Towards the end of the century Norris made a clean break with the naturalistic method of writing. He wrote much about his views on realism in his critical articles. A collection of these articles was published posthumously in 1903 under the title "The Responsibilities of the Novelist". In these articles Norris writes about Leo Tolstoy. In his estimation Tolstoy was one of the greatest of humanists because his works were not merely pictures copied from life but were works written about the people and addressed to the people.
Norris's greatest work is his famous novel "The Epic on the Wheat". Norris had planned to write a vast trilogy, three separate novels on one and the same theme: the first book, "The Octopus", tells of the growing of the wheat; the second book, "The Pit", describes the marketing of the wheat; and the third novel, "The Wolf", was to be about the consumption of the wheat. But Norris completed only the first two parts of the trilogy, the stories of which take place in America. These were received with great enthusiasm by the readers. The third book, which was to beset in Europe, was never written because of the author's untimely death.
As seer, by the novels of the trilogy, the writer dealt with his subject-matter from a sociological and economic point of view. The epic form which Norris chose for the work demanded large canvasses. Norris showed man as part of society: the individual is swallowed in the enormous mass of people and is swept along with them.
"The Octopus" is a story of farm life in California; The Pit" —a story of the stock-market in Chicago. In both books Norris meant to expose the crimes of the businessmen and show how difficult it was for the farmers to struggle against the monopolies.
By the octopus Norris meant the new railroad that had been built across the great Californian valley. The agents of the railroad are the villains in the story. There is the local banker, Behrman, a land speculator, and an agent of the railroad; there is a lawyer who is also a politician, and other businessmen. They are a gang of robbers who decide to make millions of dollars for themselves first by literally stealing land from the farmers, and then by raising railroad tariffs on the shipment of wheat. The farmers who till the soil in the valley along the San Joaquin River are unable to pay for the shipment of their goods. The railroad ruins the Californian farmers and finally they are to lose their land. The farmers stick to their rights in armed defence, but it is the railroad firm that is victorious.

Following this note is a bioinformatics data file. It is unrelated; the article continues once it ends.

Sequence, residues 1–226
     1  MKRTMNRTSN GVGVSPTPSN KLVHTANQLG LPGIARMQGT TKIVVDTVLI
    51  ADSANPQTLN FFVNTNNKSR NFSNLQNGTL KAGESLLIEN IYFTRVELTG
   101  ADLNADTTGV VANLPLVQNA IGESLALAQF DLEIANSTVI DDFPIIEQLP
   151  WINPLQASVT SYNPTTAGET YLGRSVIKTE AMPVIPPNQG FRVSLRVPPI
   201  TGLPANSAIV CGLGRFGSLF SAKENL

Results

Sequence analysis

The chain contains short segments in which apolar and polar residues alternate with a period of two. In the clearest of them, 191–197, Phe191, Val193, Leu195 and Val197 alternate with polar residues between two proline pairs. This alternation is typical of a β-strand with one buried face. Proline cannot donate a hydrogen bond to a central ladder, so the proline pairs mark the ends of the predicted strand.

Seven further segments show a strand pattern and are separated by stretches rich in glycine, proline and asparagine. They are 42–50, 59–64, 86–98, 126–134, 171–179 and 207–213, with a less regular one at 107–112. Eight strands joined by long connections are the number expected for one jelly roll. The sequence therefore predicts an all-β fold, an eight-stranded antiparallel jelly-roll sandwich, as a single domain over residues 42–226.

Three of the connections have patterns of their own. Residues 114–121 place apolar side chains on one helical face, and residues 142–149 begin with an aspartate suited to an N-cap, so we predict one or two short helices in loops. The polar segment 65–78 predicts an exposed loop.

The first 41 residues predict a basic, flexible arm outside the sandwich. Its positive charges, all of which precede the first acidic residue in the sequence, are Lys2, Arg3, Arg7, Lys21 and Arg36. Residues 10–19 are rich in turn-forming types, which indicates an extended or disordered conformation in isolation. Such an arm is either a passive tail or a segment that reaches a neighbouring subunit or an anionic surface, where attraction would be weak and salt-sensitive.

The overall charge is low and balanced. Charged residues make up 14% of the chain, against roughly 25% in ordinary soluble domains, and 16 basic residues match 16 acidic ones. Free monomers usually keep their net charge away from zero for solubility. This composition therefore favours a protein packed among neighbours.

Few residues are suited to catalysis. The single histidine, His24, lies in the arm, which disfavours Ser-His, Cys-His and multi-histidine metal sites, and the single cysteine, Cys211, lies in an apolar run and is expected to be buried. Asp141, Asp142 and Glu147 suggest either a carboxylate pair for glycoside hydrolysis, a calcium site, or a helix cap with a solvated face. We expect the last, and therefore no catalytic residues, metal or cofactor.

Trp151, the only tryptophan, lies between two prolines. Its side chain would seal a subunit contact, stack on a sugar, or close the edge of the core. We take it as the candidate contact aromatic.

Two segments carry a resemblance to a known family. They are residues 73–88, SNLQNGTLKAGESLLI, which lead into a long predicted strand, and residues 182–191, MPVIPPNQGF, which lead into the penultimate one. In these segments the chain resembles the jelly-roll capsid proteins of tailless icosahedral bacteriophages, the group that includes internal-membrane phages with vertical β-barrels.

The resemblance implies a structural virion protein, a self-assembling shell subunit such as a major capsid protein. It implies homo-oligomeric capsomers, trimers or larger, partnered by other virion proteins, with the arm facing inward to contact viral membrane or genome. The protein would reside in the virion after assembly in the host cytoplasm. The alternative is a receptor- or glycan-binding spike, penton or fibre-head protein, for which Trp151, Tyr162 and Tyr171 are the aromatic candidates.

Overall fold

The railroad grips the wheat growers in its cruel tentacles. It spares neither man nor beast. The impact of the "octopus" is shown in one of the first scenes of the novel when a locomotive roars, by filling the air with the reek of hot oil, vomiting smoke and sparks; it destroys on its way a flock of sheep that wandered upon the track. "It was a slaughter, a massacre of innocents." Norris symbolizes by it the crushing of the men and women of the valley under the wheels of modern industrialism. The novel gives a picture of actual life in California. There is plowing, planting, harvesting, sheep-herding, merry-making, rabbit-hunting, love, labour, birth and death.
Norris sympathizes with the farmers. Everything he hated in capitalist America is concentrated in the land speculator Behrman. He is the great boss, the unscrupulous dealer and money-lender. He is victorious, while the farmers whose sweat and blood went into the land lose the fight. They all meet with a tragic end.
Norris, the realist, does not make Behrman die in the fight with the farmers, because he knows that there surely will be another Behrman of the same kind, should this one be done away with. Norris sees the wheat as the symbol of a mightier power than that of the masters of the monopolies — the power of the toiling masses; therefore, at the end of the novel, Norris has Behrman suffocated to death under the grain while it is being loaded into the hold of the ship.
Questions and Tasks
1. How did the sociological novel develop in American literature? I3escribe the new character that appeared in literature at the time.
2. What was the neo-romantic trend? Why was it easy for writers of this trend to publish their novels?
3. Who were the European novelists whose works appeared in the English translation in America towards the end of the century? How did they influence American writers?
4. In what way did the French method of writing influence the American writers, and why was the influence of the Russian writers greater?
5. Who were the progressive American writers of the nineties?
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